I wish I had used products earlier on, as I only started using products when my skin started to itch which is the absolute worst! I’ve always had really good skin and in my head, I thought I’d just be fine…If my mom was still alive, she probably would’ve gotten me a cream as soon as I would’ve broken the news to her.
My takeaway for stretch marks: I would’ve applied some oil right away. Everything changes so much while you’re pregnant that taking extra care of your skin is super important. Changing your beauty products for skin health and make-up to non-chemical is also super important.
1 in 7 women suffer from postpartum depression, anxiety psychosis. There’s very little support, sadly. There’s more awareness, finally but it can take a tremendous amount of courage, work and time for a new mother to come forward. Just even, “self-diagnosing” ourselves can be very hard. I suffered from mild PPD & anxiety. It was hard because I didn’t know much about it or even what to do with it. While we focus so much on the pregnancy, we also have to focus on the “fourth trimester” which is that month after you give birth. Not only does a mother need a lot of help during that time, but there are also precautions to take during the pregnancy to lower the risks of PPD.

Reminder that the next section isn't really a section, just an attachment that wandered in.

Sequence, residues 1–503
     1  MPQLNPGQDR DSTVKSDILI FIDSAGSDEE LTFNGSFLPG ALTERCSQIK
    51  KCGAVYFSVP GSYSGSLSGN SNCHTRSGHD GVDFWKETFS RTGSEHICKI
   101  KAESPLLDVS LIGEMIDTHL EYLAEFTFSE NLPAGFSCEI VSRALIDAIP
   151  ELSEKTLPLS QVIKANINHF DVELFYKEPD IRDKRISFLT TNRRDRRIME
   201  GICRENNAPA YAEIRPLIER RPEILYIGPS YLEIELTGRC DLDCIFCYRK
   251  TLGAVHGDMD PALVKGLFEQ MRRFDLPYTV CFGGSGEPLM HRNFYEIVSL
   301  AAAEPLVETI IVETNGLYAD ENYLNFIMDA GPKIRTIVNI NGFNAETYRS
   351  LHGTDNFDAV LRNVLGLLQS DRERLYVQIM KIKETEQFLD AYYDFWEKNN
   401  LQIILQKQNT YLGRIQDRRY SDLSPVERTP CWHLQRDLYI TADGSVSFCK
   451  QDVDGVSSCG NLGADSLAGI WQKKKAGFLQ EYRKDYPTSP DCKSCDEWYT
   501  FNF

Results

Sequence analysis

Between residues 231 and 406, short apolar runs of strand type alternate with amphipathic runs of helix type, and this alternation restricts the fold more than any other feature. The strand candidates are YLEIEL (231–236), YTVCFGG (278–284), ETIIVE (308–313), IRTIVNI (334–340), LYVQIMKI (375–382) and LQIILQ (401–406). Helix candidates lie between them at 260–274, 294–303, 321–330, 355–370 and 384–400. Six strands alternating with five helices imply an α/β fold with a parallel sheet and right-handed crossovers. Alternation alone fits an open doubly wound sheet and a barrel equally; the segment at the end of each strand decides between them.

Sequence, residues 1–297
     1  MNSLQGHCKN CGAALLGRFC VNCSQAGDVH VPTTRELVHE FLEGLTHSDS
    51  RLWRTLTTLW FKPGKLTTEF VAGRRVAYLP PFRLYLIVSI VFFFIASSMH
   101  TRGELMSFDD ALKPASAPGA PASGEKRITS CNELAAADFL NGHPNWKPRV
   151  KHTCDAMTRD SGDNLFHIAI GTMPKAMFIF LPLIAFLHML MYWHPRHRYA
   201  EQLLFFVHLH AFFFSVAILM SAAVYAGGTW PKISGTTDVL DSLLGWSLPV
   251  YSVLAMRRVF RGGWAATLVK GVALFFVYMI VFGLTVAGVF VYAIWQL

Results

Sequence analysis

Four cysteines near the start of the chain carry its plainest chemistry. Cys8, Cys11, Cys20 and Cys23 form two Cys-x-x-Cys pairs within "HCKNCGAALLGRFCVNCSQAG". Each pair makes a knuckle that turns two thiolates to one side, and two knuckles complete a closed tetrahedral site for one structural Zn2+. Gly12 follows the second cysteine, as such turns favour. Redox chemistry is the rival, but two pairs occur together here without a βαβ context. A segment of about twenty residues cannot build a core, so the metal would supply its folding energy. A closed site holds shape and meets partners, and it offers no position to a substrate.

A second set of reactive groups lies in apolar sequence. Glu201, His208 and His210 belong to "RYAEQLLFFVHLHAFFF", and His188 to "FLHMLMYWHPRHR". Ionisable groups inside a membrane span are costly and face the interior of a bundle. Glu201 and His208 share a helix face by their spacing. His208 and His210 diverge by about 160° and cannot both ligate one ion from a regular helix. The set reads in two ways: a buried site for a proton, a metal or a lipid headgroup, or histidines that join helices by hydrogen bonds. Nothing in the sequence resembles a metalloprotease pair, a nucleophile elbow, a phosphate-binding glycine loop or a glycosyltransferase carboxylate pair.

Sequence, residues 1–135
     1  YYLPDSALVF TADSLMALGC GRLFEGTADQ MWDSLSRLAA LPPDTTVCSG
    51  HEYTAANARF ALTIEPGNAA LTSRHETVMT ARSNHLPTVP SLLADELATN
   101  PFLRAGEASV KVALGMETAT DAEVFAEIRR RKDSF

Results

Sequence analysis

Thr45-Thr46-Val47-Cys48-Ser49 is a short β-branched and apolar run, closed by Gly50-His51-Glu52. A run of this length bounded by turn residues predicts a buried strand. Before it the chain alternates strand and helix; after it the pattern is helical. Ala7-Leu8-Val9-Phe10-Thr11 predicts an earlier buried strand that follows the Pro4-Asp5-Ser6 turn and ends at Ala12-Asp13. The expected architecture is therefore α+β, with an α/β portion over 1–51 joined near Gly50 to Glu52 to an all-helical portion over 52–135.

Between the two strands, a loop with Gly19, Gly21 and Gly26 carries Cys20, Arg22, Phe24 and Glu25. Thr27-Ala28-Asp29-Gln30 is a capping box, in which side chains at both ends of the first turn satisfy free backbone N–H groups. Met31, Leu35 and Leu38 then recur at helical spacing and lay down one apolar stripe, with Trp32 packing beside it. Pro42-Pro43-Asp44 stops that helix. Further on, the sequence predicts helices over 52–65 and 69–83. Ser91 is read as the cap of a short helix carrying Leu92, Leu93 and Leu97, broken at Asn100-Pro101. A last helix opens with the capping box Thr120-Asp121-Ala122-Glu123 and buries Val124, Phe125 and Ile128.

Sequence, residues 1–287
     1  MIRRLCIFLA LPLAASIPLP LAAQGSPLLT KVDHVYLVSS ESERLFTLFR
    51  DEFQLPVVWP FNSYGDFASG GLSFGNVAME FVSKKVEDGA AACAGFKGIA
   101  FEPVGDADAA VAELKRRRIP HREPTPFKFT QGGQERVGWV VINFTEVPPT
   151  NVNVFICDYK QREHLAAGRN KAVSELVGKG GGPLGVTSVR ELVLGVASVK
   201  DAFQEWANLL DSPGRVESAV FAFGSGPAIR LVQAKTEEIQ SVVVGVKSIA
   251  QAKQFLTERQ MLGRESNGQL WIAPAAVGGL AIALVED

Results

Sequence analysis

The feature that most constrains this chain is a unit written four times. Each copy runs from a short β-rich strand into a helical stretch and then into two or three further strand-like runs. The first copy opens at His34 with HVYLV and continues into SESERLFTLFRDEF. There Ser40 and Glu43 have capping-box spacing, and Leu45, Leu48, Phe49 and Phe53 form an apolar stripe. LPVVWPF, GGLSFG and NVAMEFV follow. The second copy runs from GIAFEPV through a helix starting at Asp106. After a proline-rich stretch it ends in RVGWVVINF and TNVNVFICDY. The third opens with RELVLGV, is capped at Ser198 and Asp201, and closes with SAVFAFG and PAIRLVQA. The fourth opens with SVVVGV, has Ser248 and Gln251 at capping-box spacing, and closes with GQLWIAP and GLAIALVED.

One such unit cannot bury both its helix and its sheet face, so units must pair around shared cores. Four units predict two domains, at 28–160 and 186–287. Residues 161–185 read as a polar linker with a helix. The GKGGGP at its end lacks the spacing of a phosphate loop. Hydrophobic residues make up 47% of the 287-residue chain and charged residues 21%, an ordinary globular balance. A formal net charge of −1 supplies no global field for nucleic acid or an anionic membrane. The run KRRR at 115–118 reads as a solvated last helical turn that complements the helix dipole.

Key takeaways: Creating a postpartum plan the same way you’d create your birth plan should be a must! Finding resources in case you need help, what doctors to see, how to communicate to your loved ones and what to look for as symptoms. Especially during a “hormonal crash” that happens after birth or after breastfeeding is over. Some women can go through depression months after giving birth and support is key.
LEARNING TO BE A MOM:
Ha! This one now that I think about it, seems pretty obvious doesn’t it!? Well, here’s the thing, I was so obsessed with the pregnancy and making sure that everything went well, that I didn’t inform myself at all on how to be a mom. Of course, there are things that just need to be confronted by you for a learning process but I realized that when I got home with the baby (which was surreal) I was like “now what?” and it hit me that I didn’t know anything about breastfeeding for example.